This is another HDR photo that I created using AuroraHDR 2018. Actually, this was a little tricky to make because it’s a long exposure using an ND filter shooting directly into the sun. The aperture of F14 is what creates the starburst effect. I combined five photos ranging from one to six seconds in length which gives the water a smooth quality.
Even though I spent hours on this I’m not totally happy with it. That’s because I’m aware of all the technical flaws it has; noise in the shadows, lens flare and lack of detail on the rocks. I’m posting it anyway because I like the overall effect and feel. And also, each time I work with photos I learn a little more. In this case I know what I need to do next time I have a similar scene; each time I get a little better.
In the end, it’s the scene and the mood that are most important to me. The technical aspects are important also, just not as important. I was able to recreate the idea I had in my head at the time, so it’s a win. I’m posting it because on balance, I do like the image. And to tell you the truth, that’s why I do photography in the first place.
I have purposely left a lot of space in this image so that it can breathe. Sometimes images tell a story and are arranged with objects here and there. In this case there is no story, just open space and room to breathe.
We are bombarded with information at every turn. We are plugged into the information superhighway and deceive ourselves if we think otherwise. Finding respite might be as simple as standing by the water’s edge and looking out at nothing for a few minutes.
This theme is one I’ve been exploring lately in images. Not that I have answers to anything, it’s just that I feel the need to slow down from time to time. But do as I say and not as I do. If I took my own advice it might actually do me some good. I’ll try to keep that in mind, gotta run.
I’ve come to realize that if we don’t slow down once in a while, we go nowhere. Going about tasks of making a living, eating and sleeping is like a treadmill. I think each of us is here for a reason, but figuring it out is up to us and no one else. So maybe we need to put a little time aside.
Taking a few minutes each day to think about it is a way out. It’s an exit from the treadmill and the more we do it, the more we leave the mundane, hopefully.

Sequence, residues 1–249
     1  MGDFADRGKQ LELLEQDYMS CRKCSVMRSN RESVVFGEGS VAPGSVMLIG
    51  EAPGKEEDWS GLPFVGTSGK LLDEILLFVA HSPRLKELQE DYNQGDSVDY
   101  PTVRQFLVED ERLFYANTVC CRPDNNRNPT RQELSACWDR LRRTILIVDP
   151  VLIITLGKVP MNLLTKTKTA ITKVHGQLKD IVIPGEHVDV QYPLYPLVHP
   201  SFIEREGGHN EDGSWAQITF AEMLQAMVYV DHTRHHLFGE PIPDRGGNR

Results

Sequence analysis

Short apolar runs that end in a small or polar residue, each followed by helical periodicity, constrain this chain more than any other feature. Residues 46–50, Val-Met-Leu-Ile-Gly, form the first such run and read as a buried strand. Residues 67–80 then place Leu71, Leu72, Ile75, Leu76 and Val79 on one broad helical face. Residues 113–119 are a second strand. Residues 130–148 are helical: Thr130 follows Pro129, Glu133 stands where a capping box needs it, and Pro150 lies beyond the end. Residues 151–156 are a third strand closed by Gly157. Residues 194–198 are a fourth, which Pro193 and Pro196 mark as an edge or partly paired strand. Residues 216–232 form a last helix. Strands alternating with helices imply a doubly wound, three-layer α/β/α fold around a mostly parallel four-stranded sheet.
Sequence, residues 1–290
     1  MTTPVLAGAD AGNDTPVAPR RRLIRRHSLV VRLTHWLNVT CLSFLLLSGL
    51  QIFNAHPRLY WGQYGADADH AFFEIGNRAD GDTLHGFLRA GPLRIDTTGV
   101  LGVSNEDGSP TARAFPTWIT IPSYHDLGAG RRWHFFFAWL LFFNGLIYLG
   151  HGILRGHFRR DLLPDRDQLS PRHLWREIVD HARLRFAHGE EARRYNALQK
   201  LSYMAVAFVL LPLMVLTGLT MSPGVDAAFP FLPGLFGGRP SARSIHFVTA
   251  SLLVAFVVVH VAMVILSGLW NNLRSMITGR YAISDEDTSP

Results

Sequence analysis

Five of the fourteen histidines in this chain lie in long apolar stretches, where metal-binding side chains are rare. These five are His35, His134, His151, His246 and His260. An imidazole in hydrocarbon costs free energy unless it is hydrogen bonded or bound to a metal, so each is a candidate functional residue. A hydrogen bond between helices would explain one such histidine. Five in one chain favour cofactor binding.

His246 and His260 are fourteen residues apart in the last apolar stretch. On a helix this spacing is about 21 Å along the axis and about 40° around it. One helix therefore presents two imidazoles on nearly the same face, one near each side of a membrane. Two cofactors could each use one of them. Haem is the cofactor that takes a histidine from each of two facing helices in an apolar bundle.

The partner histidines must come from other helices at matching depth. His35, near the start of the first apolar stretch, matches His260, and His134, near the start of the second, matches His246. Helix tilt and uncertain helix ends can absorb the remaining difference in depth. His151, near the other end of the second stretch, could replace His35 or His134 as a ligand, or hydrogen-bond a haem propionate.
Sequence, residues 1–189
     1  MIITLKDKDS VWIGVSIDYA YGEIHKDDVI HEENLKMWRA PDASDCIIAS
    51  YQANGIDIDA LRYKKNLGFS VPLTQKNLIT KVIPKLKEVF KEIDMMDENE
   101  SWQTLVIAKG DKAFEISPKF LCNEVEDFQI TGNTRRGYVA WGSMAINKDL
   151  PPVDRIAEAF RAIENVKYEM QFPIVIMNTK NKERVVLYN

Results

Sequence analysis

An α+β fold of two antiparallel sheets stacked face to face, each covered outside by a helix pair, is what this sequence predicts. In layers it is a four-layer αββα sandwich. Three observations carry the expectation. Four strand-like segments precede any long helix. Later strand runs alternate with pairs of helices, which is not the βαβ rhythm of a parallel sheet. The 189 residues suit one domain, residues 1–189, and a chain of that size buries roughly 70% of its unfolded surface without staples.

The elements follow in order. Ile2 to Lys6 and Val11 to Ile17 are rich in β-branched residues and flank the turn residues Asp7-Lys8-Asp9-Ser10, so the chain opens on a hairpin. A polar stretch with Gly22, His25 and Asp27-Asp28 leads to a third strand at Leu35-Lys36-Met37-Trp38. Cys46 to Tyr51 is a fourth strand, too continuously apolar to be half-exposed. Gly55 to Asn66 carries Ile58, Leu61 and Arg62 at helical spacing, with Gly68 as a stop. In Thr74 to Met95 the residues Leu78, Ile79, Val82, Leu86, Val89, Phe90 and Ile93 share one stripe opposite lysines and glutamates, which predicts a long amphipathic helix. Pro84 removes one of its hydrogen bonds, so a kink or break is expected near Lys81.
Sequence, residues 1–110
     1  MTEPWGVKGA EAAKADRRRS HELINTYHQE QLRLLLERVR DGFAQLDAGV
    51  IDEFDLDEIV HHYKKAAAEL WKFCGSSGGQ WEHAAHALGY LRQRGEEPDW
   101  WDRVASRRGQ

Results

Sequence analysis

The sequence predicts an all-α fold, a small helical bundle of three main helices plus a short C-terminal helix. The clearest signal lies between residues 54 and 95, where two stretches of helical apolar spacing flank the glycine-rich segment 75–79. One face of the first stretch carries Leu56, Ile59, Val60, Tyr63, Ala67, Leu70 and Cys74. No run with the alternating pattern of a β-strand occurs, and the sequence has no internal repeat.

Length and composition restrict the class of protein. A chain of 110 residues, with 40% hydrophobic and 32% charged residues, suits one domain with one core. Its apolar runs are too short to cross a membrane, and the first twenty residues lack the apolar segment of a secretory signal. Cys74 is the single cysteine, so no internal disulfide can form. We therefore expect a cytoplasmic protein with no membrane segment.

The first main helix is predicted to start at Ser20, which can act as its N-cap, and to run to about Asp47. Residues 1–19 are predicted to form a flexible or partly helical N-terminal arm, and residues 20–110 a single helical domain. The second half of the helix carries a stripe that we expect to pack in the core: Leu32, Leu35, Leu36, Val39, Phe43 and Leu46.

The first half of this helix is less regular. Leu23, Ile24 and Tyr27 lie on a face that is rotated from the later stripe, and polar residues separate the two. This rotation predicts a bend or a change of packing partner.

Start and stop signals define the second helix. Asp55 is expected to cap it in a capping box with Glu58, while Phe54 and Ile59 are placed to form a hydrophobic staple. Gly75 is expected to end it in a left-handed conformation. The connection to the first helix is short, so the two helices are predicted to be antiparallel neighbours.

When I see people staring out to sea it’s evokes a metaphor for reflection on life. Speaking for myself, I could do a little more of it, because when I don’t I see a treadmill. It would be better to see my feet in the warm waters of the gulf.
When in big cities I’m usually quite happy with rain. It creates scenes and situations that are interesting to observe.
First of all, people are carrying umbrellas which by itself creates a certain aesthetic. Then there are the motions people go through to keep out of the rain, like running from one source of cover to another. However, in places where it rains all the time, you will also notice how well people ignore it. Amsterdam is one of those cities where people are always outside, rain or shine. So it’s just as interesting to see what they don’t do as what they do.
In this case the couple were taking selfies and the gentleman was texting the pictures on his phone, oblivious to the precipitation. I noticed that in Amsterdam people are always riding bikes regardless of the weather, in some cases holding umbrellas as they go.
I haven’t quite perfected the art of ignoring the rain. I’m a duck and cover kind of guy. But from a temporary shelter I can stand there, observe and take photos of things around me. The best part of that is stepping into a bistro and waiting it out with a hot chocolate. Then, sufficiently refreshed I head back out for more fun.
Pictures are like metaphors. I think this is one of those, at least it seems that way to me. Point in a direction, keep marching, in the process define yourself. Which sounds a lot like life in general, only I get to wax eloquent because this is my blog.
I’ve taken dozens of shots from this pier in Bradenton Beach. Even though it’s same old thing I come back looking for more. As long as were on metaphors, shooting this pier is like stone soup. The sea is the broth, the pier is the stone, and everything else gives it flavor. I keep coming back to try new flavors. Maybe I’m on to something, or just hungry.
Nevertheless, the more I immerse into photography, the more I look for metaphors. It seems natural when going to the beach, at least for me. Always looking for meaning in non-descript scenery, it’s what I do.
Weather is the one thing we can all relate to, it’s like the lowest common denominator of conversation. If you can’t think of anything to say, bring up the weather; it’s a guaranteed starter. From there you can move on to other topics, like politics or the price of gas.